Pluralism is no match for economic growth and stability
In a recent article, Pakistan’s nuclear physicist Dr. Pervez Hoodbhoy took note of “India going Pakistan’s way,” particularly in the manner that the ruling Bharatiya Janata Party (and its ideological arm, the Rashtriya Swayamsevak Sangh) had attacked the legacy of India’s first prime minister, Jawaharlal Nehru.
“Nehru was degenerate and dissolute; born in a brothel and eventually died of syphilis; impregnated a Catholic nun; claimed to be a Kashmiri Pandit but secretly ate onions; and from age 19 onwards would be drunk every day starting at 9 a.m. As with America’s alt-right, which insists that Barack Obama is a closet Muslim, Hindutva activists allege that Nehru’s grandfather was Ghyasuddin Ghazi, a Muslim kotwal serving the Mughal court.”
Ideologically, Pakistan too has demonized Nehru, “the Hindu” who imposed his community’s majoritarianism on India and played foul with Pakistan in cahoots with the British Raj. Nehru’s pluralism was just the opposite of what the Muslims had in mind. If India under Modi is thinking like the Pakistani textbook, it doesn’t bother Pakistan much despite the fact that Islamabad has not done too well as an ideological state. Nehru was into socialism of the Fabian variety, which led to low growth. In Pakistan, too, Bhutto imitatively followed in his footsteps and the economy languished.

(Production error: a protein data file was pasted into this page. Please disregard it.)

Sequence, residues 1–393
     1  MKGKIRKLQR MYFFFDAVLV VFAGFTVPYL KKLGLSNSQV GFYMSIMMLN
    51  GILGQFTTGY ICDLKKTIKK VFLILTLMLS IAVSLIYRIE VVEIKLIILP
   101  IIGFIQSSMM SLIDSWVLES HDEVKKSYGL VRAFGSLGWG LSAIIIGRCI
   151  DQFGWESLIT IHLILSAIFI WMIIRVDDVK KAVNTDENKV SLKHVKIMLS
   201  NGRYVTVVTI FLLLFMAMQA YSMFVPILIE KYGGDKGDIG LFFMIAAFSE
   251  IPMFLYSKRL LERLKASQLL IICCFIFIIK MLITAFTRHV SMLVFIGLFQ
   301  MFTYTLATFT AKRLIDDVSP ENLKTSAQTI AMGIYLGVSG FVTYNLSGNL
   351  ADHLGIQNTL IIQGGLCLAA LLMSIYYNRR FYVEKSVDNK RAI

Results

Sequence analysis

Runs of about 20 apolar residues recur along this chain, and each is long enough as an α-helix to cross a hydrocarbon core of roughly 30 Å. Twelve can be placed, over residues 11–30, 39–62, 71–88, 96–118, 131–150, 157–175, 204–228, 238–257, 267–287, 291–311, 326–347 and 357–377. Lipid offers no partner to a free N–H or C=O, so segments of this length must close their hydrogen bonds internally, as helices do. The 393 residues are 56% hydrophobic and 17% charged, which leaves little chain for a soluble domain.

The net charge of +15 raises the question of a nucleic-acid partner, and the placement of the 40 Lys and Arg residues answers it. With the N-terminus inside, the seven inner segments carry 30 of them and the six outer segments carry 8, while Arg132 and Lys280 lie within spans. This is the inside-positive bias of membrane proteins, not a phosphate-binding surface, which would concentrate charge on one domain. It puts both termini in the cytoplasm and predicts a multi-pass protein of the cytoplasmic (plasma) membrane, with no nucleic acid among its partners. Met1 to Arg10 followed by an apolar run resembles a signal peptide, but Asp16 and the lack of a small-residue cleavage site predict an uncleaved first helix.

But India will not be punished for electing Modi just as secularists languishing in jails in Turkey under President Recep Tayyip Erdogan will be ignored because of Ankara’s prosperity. India may be imitating Pakistan ideologically but Modi will be forgiven his religious trespasses because of the steady growth rate under him. Pakistan sets itself apart from both Modi and Erdogan: its economy is belly-up and its ideology shows no sign of cooling off despite the ugly “failed-state” facts on ground.